(This was rewritten Sept. 13th.)

Legalize Immigration to Help Secure Border

Legalizing immigration, or legalizing more of it, that is, would erase and ease the very problems associated with illegal immigration.

More immigrants would become taxpayers, no longer receiving social aid without paying into it.

No longer would there be any more reason to pay immigrants under the table than there is to pay anyone else under the table.

Legalizing more immigration levels the playing field. Why would we not want to do this?

But, the biggest benefit might be what it would do to fight crime. Crime coming in from Mexico should be a major concern, the drug cartels moving both drugs and drug runners into our country.

Legalizing more immigration would help fight this problem. Currently, the Mexico cartels seek out those about to cross the the U.S. border. They extort money from them, they press them into joining in as operatives right in Mexico, and they force them to smuggle drugs across the border into the U.S.

As testament, the 72 slain migrant workers a few weeks ago. They were coming from Central and South American countries, venturing through Mexico, and were within just about 100 miles of the U.S. border when a large drug gang came upon them. As the story goes, he hoodians pressed the migrants to join them in crime. The migrants were honorable and said, No, we won't do that -- and so the gangsters massacred them.

Most migrants, though, are saying, Yes. Most of them are seeing the need for help to cross the border in the first place, and if the gangsters are both willing to provide that assistance and spare their lives, then they are quick to sign on.

We are pushing the migrants right into the hands of the enemy. Wouldn't it be better to have them on our side? Wouldn't it be better to have them coming into the U.S. legally, thus not having to join in with the gangs in order to get here?

Wouldn't it be better to spare them from a life of crime, or even a few days of crime (depending on which agreement they make with the cartels)? Wouldn't it be better if instead of sneaking across with drugs, they came right up to the border stations and were checked for drugs and passed into the U.S. without bringing drugs?

The drug cartels would then be forced to do their own drug running, they would be robbed of their "human pack mules."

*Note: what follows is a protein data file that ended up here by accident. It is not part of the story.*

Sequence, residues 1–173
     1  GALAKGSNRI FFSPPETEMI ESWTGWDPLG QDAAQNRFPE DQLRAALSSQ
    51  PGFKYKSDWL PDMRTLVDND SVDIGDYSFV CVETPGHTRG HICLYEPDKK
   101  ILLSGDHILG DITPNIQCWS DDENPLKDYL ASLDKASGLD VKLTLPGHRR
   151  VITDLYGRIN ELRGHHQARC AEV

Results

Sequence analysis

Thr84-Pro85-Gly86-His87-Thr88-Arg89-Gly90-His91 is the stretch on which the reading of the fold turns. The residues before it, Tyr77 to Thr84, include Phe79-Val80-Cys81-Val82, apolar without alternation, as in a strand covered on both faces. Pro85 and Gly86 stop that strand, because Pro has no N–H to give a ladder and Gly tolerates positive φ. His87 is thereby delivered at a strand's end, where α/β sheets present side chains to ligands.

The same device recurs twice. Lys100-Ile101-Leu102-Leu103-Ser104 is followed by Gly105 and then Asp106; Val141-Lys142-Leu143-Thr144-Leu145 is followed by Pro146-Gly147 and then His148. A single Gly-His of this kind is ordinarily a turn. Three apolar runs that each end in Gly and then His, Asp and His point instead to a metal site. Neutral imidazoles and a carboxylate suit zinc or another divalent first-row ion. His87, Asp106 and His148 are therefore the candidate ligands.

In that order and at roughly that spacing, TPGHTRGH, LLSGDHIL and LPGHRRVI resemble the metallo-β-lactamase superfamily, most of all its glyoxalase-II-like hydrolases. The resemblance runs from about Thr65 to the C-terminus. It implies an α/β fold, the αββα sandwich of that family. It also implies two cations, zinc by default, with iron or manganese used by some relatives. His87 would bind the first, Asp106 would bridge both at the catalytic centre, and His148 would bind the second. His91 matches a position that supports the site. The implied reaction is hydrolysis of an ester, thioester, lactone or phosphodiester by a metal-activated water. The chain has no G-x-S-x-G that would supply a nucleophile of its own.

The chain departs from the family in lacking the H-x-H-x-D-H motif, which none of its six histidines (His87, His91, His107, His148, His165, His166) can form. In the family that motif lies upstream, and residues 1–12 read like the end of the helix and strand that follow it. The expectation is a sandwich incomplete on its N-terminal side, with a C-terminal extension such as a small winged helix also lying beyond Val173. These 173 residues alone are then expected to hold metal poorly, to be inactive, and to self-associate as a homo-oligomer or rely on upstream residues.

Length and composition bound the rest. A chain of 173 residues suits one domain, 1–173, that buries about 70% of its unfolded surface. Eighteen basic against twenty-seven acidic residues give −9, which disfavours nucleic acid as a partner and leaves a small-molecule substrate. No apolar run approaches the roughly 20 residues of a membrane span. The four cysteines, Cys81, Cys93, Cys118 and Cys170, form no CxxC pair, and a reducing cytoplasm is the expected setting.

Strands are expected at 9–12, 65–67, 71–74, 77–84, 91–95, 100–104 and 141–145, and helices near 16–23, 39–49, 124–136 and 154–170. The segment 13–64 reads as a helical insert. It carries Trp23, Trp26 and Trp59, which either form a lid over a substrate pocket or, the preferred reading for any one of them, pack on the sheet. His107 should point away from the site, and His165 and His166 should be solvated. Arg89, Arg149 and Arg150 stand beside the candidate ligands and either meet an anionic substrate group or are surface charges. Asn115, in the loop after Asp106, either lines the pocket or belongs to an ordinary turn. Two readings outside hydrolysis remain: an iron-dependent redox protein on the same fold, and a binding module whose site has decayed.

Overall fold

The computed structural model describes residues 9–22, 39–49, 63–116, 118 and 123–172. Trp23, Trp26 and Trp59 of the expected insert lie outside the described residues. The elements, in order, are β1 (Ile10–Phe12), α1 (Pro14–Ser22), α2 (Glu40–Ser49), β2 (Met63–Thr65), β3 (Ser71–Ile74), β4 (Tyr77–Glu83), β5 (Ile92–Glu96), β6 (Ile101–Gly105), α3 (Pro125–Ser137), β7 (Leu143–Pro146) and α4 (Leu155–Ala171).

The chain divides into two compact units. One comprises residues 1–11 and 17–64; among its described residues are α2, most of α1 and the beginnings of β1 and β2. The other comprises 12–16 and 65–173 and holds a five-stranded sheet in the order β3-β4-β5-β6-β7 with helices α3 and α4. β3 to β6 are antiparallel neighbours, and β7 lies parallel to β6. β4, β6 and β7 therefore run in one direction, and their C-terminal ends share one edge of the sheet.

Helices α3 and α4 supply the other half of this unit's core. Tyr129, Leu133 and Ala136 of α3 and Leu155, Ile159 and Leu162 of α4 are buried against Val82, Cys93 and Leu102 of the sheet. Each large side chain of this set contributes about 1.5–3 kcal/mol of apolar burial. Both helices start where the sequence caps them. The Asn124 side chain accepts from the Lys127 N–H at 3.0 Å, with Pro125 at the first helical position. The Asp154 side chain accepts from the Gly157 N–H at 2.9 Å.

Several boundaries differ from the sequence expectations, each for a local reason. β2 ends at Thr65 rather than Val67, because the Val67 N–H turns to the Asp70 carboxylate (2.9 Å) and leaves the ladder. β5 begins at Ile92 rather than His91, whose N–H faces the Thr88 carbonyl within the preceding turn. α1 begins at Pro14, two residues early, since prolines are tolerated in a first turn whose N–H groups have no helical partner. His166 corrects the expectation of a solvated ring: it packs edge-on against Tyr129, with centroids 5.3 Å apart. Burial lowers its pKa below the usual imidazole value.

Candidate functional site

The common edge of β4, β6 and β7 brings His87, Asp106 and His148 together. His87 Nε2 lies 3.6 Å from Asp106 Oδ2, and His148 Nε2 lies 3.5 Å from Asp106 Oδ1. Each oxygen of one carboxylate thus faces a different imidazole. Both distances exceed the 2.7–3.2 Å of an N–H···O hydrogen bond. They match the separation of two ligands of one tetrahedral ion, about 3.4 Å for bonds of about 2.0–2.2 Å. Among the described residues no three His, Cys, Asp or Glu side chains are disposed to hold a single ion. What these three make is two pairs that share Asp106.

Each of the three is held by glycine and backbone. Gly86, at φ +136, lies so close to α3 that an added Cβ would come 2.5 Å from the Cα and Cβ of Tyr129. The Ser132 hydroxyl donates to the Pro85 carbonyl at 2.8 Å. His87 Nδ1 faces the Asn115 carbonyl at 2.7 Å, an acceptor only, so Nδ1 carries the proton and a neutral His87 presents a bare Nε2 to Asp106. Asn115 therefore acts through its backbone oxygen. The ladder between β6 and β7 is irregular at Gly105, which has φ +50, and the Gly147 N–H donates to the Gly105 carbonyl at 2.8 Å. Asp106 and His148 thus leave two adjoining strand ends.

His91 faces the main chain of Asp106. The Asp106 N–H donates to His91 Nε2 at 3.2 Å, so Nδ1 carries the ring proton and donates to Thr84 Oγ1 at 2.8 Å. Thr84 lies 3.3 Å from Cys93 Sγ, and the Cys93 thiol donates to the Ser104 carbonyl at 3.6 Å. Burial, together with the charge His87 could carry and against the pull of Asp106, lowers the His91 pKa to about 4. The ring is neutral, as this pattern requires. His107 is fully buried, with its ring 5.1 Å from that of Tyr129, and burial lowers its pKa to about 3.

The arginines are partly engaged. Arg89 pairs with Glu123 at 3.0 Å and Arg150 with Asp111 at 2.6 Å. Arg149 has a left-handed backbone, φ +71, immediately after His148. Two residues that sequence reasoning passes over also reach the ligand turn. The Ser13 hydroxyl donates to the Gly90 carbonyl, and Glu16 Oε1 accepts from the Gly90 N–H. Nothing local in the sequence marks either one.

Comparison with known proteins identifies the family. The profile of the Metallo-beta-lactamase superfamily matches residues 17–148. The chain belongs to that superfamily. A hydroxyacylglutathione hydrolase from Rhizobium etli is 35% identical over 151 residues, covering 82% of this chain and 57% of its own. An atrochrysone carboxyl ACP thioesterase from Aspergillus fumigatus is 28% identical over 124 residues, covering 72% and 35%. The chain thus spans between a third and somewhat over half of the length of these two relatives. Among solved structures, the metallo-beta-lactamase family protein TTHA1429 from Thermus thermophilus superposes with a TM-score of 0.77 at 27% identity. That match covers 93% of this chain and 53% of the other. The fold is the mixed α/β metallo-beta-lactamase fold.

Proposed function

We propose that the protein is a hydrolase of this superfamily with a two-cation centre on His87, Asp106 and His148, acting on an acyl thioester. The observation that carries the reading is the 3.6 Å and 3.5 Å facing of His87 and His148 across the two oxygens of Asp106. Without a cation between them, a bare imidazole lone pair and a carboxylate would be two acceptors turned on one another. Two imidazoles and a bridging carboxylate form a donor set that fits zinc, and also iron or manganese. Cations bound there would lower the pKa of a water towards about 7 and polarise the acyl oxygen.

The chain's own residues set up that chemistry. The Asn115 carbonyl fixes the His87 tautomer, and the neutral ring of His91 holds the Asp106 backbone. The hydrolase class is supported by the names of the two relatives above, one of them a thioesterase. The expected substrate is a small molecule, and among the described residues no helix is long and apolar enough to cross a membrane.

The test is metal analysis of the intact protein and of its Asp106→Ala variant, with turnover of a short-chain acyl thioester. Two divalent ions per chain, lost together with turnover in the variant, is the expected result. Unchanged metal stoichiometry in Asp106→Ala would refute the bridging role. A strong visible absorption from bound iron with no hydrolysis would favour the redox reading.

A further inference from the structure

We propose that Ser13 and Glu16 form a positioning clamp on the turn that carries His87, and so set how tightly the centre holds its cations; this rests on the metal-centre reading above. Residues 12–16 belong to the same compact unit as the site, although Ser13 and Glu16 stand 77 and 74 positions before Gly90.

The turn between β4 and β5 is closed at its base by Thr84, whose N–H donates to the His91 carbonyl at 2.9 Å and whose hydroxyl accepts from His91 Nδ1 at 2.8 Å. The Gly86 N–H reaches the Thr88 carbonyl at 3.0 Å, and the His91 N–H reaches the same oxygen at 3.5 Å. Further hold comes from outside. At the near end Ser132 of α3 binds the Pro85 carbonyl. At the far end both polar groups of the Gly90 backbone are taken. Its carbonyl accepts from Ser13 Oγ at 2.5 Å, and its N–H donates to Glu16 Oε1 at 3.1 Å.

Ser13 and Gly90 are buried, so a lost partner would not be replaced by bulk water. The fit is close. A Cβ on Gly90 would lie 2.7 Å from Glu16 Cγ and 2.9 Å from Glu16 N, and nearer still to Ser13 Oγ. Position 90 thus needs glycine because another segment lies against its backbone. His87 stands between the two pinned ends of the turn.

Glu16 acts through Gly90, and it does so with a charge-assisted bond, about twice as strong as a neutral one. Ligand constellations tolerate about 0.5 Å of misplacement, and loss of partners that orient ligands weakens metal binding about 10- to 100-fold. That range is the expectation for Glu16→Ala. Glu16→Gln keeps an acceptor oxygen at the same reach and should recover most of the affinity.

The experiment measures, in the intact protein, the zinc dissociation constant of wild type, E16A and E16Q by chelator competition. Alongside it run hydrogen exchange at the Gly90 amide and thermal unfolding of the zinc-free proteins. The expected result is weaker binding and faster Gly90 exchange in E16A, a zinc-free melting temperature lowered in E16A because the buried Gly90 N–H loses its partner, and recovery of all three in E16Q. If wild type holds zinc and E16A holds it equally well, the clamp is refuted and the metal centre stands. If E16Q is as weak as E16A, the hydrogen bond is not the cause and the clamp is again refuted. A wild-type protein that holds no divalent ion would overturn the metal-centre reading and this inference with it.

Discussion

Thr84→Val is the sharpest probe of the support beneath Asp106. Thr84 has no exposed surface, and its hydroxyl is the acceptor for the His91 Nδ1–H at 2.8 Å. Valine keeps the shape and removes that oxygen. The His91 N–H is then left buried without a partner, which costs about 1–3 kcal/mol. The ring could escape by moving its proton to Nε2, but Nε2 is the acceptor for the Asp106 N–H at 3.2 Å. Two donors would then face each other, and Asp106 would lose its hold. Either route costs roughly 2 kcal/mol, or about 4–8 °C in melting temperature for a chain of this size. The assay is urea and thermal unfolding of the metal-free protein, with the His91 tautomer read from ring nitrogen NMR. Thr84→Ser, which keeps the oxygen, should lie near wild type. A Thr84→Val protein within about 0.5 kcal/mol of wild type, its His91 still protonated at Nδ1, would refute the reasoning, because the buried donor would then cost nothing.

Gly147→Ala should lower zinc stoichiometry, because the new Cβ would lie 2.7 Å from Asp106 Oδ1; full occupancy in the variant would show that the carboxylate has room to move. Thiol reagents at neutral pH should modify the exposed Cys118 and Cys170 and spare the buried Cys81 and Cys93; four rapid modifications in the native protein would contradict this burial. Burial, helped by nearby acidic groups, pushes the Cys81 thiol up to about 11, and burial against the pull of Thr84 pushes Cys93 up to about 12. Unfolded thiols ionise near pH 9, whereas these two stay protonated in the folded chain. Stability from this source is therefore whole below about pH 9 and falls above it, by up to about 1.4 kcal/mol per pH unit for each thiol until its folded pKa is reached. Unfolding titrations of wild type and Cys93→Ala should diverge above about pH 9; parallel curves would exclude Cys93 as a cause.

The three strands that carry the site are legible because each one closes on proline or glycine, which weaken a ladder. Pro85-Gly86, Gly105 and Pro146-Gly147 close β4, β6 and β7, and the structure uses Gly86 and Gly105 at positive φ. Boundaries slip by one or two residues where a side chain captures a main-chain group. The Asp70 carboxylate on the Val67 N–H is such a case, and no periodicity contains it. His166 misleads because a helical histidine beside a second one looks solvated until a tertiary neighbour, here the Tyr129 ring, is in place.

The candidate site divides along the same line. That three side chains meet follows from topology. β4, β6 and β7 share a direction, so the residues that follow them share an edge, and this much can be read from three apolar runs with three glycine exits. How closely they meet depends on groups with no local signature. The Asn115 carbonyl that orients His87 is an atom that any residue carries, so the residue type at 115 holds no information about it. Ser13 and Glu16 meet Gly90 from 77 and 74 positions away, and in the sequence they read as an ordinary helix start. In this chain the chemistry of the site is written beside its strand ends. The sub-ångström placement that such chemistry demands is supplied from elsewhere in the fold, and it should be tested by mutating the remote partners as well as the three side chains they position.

Friday, September 10, 2010

Humanitarians are for 'Criminals,' Too

Now, a humanitarian effort designed to help those in the process of committing a crime.

And, it truly is humanitarian, truly is a good thing.

Take Daniel Millis, of Tucson, Arizona. He leaves water bottles in the desert for those crossing the the border from Mexico. I believe the group he volunteers with is called No More Deaths, and No More Deaths literally saves lives.

Of those in the act of committing a crime.

There's a high mortality rate associated with seeking to live on American soil without permission to do so. Hundreds of people a year die crossing the parched desert into the U.S. No More Deaths and other like-minded humanitarian groups seek to put an end to the deaths, placing water bottles and food and medical supplies along known trails.

Millis got into trouble for his efforts. He left the water bottles and was arrested for littering. Leaving garbage in a national wildlife refuge is a crime, and water bottles, even with the water still in them, were considered garbage by those who arrested him. Millis was convicted, but last week got a break. The Ninth U.S. Circuit Court of Appeals overturned his conviction.

This marked the second significant legal victory No More Deaths has had, according to a defense lawyer for the group. (This per a San Francisco Chronicle story posted a week ago.) The lawyer said several years ago, two volunteers found three very ill migrants and transported them to a medical clinic -- only to be charged with transporting illegal immigrants. The charges were dismissed.

Reading the story left me wondering if there are really those who say, "Let them die. They are committing a crime and don't deserve any assistance."

Immigrant is Most Oppressed of All

They perhaps are the most-oppressed people in all of our land.